Arbuscular mycorrhizal fungi and organic fertilizer influence
photosynthesis, root phosphatase activity, nutrition, and growth
of Ipomoea carnea ssp. fistulosa

by Lucila Amaya-Carpio, F.T. Davies, Jr., T. Fox, and C. He


The effect of arbuscular mycorrhizal fungi (AMF) inoculation and organic slow release fertilizer (OSRF) on photosynthesis, root phosphatase activity, nutrient acquisition, and growth of Ipomoea carnea N. von Jacquin ssp. fistulosa (K. Von Martinus ex J. Choisy) D. Austin (bush morning glory) was determined in a greenhouse study. The AMF treatments consisted of a commercial isolate of Glomus intraradices and a non-colonized (NonAMF) control. The OSRF was applied at 10, 30, and 100 % of the manufacturer's recommended rate. AMF plants had a higher net photosynthetic rate (PN), higher leaf elemental N, P, and K, and generally greater growth than NonAMF plants. Total colonization levels of AMF plants ranged from 27 % (100 % OSRF) to 79 % (30 % OSRF). Root acid phosphatase (ACP) and alkaline phosphatase (ALP) activities were generally higher in AMF than non-AMF plants. When compared to NonAMF at 100 % OSRF, AMF plants at 30 % OSRF had higher or comparable ACP and ALP activity, higher leaf elemental P, N, Fe, Cu, and Zn, and a greater PN (at the end of the experiment), leading to generally greater growth parameters with the lower fertility in AMF plants. We suggest that AMF increased nutrient acquisition from an organic fertilizer source by enhancing ACP and ALP activity thus facilitating P acquisition, increasing photosynthesis, and improving plant growth.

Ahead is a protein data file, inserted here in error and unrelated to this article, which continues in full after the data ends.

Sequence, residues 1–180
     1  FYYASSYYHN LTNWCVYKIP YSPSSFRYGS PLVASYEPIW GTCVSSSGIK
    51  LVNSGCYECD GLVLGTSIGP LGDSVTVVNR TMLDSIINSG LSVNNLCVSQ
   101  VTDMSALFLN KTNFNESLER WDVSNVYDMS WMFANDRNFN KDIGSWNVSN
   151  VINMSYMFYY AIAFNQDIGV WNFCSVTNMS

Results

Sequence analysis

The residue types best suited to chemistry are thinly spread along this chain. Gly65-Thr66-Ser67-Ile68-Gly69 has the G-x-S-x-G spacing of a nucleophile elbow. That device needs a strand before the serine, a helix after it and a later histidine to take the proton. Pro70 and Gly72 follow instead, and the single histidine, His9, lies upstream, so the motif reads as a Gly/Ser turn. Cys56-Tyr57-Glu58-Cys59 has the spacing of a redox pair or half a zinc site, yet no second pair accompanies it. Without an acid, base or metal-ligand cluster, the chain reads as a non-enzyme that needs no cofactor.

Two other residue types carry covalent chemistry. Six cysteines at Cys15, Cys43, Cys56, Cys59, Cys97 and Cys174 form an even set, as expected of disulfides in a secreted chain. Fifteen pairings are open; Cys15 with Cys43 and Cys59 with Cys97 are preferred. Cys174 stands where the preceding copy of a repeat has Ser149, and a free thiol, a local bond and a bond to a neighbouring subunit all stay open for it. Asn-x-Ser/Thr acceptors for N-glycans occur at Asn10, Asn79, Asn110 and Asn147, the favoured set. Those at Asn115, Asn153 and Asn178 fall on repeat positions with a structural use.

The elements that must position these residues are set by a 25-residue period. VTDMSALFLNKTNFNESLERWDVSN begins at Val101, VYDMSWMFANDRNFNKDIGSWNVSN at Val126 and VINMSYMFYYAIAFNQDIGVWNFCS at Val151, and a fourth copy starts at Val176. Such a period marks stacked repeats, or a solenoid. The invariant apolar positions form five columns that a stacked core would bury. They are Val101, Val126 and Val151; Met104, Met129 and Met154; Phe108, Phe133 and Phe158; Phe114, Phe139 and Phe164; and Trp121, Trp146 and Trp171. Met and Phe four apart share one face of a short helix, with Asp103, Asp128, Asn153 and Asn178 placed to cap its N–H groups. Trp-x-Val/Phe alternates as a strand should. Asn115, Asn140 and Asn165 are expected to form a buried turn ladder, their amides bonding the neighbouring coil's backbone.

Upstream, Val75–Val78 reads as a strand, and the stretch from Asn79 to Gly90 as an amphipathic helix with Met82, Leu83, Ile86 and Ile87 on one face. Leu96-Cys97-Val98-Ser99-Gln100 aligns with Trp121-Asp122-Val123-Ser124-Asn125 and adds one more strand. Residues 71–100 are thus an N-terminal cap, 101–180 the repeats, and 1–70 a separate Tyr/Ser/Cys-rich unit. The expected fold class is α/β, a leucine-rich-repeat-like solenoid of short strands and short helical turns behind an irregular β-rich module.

PHOTOSYNTHETICA 47 (1): 1-10, 2009